Agriculture is a machine in constant need of new parts. Its oil needs changing every few years. Its chains are working but worn. Its bearings could stand to be repacked. It’s an industry that needs to be as sharp as it can be. And it’s an industry that is only as strong as the people working in it.
It’s tacitly understood that truly young farmers (I say “truly’” young because I’m technically a young farmer and I’m 38) don’t have time to get involved and join committees and/or boards. This limits the pool to those who are established enough to have staff and to those who are either fully or nearly retired.
I have heard the topic of how to get young people involved in the ag industry discussed more times than I can remember. I’ve participated in these discussions. I’ve even attempted to contribute to a few of them in a meaningful way. But I don’t have the answers.
Hey. Maybe I’ll write about it in Grainews and spur people into action that way. So, I did exactly that. But, perhaps I did it wrong. Perhaps it’s not a call to action that you need. No. Maybe you need something else, entirely.
When I first began working in the commodity group world, I remember visiting a friend who also worked in the industry. He gave me a tour of his office and showed me the boardroom. It was huge. And if I remember correctly, on the table in front of every chair was a mic hanging over the button to activate it.
“Do you ever speak up at meetings?” I asked.
It was spring of 2016 and his answer blew my mind. I couldn’t imagine being in a position where, a: I’d have something worthwhile to say to a room full of people; and b: I’d have the nerve to say it. Writing to a large audience registers as different to me, apparently.
Fast-forward to winter of 2018 and I have to chuckle at my former self. I have done that and will do that again. I don’t know exactly when and how it happened. But it did. I began to engage and somewhere along the line doing so started to get easier.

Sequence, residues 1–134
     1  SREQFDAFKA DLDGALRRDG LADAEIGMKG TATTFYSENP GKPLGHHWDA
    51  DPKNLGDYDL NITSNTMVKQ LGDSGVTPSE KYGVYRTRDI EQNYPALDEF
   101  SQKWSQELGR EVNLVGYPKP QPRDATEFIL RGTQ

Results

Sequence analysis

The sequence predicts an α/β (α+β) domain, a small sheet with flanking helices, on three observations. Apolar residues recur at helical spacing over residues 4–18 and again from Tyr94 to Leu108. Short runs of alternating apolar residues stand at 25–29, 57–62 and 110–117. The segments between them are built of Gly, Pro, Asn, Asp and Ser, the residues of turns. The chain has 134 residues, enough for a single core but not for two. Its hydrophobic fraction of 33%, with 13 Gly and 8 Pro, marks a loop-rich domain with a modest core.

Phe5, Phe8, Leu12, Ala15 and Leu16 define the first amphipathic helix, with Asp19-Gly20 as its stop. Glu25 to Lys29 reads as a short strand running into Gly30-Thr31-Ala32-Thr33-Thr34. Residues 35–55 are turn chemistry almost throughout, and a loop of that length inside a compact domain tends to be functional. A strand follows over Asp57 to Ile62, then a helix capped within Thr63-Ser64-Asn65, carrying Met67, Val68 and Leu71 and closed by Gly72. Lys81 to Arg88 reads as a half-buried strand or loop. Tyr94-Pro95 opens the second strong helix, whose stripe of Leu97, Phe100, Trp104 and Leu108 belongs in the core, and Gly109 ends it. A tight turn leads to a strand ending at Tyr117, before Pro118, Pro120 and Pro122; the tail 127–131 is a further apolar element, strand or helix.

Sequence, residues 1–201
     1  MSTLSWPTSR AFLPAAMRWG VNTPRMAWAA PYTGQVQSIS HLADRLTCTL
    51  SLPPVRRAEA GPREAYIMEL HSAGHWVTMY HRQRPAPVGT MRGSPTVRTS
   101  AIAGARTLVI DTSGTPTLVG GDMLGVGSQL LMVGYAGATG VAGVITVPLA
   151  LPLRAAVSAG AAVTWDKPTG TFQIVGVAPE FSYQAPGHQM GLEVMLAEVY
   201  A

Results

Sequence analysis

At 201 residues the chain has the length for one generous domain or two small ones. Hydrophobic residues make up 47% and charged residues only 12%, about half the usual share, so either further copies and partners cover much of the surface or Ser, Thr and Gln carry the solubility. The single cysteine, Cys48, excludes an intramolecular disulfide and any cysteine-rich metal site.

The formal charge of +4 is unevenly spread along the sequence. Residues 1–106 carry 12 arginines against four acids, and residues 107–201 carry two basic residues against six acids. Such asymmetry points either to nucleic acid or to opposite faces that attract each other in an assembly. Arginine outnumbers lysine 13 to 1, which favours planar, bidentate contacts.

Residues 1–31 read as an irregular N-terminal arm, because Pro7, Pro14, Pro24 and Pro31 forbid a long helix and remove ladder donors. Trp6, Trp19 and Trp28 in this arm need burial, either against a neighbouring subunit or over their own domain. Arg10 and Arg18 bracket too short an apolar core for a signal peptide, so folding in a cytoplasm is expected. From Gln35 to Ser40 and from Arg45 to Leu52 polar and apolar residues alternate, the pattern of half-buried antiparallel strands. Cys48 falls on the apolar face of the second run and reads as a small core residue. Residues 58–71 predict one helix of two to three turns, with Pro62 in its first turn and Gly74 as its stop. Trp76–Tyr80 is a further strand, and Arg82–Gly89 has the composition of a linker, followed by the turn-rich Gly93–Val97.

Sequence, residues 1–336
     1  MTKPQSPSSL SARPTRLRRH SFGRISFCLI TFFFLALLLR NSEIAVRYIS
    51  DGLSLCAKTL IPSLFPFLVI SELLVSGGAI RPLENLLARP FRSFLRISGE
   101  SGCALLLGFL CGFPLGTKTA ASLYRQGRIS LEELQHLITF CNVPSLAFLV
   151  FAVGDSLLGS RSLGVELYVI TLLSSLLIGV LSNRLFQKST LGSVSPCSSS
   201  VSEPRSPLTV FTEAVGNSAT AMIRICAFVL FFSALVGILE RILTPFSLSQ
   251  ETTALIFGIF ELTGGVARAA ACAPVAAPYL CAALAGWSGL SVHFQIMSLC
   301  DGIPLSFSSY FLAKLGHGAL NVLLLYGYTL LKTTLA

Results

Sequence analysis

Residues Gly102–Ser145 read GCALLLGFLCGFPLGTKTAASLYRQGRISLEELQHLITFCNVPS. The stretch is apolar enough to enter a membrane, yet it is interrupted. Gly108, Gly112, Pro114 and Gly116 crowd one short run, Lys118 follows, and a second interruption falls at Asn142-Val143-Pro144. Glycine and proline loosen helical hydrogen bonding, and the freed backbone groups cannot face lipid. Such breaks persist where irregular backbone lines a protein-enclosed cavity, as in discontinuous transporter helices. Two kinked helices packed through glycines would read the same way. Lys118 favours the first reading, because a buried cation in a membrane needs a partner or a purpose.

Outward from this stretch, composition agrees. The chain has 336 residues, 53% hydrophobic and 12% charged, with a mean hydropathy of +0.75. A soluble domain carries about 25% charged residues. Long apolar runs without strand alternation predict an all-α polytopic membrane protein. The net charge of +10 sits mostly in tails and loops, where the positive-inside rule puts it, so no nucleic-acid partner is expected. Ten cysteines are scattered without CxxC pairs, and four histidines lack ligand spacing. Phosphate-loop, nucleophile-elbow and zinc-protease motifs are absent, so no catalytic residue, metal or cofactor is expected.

Everyone has something to add
I think the answers to most challenges are best found dredging the bed of human experience. I’ve learned to be a person in this world, despite the muck. So have you. So has everyone.
The people who speak up and lead are not who you think they are. They are not smarter than you. They are not better than you. And they do not have the Midas touch. The difference between the person who pushes the button and speaks into the mic and the person who doesn’t is that one person pushed the button and said what was on his or her mind and the other did not. It’s that simple.
Everyone struggles to push the button for the first time. Everyone had to rise above some human flaw to speak up. Everyone has at some point opened their mouth and said something wrong or laughable. It’s hard at first. But then it’s easier.
In boardrooms the country over, people are dreaming up ways to get you involved in their organizations. They know you have something valuable to say and they’re worried about what the ag sector will look like 10, 20, 40 years from now if you don’t say it.
Whether it has new parts or not, the machine that is the ag sector keeps working in the background. How well it works and with what kind of parts is largely up to you. I hope I’m eventually displaced by a younger, engaged generation willing to push the button.
Get involved. It’s important that you do. You’ll change the industry — not because you’re especially brilliant but because you’ve had a few ideas and experiences that I guarantee nobody else has had. It’s the note you make to yourself at 3 a.m. that could transform the sector.
Most of the more significant things that have happened in my life can be traced back to something that initially seemed silly or inconsequential. The thing that could finally bridge the urban-rural divide or open up new markets may be yours to contribute.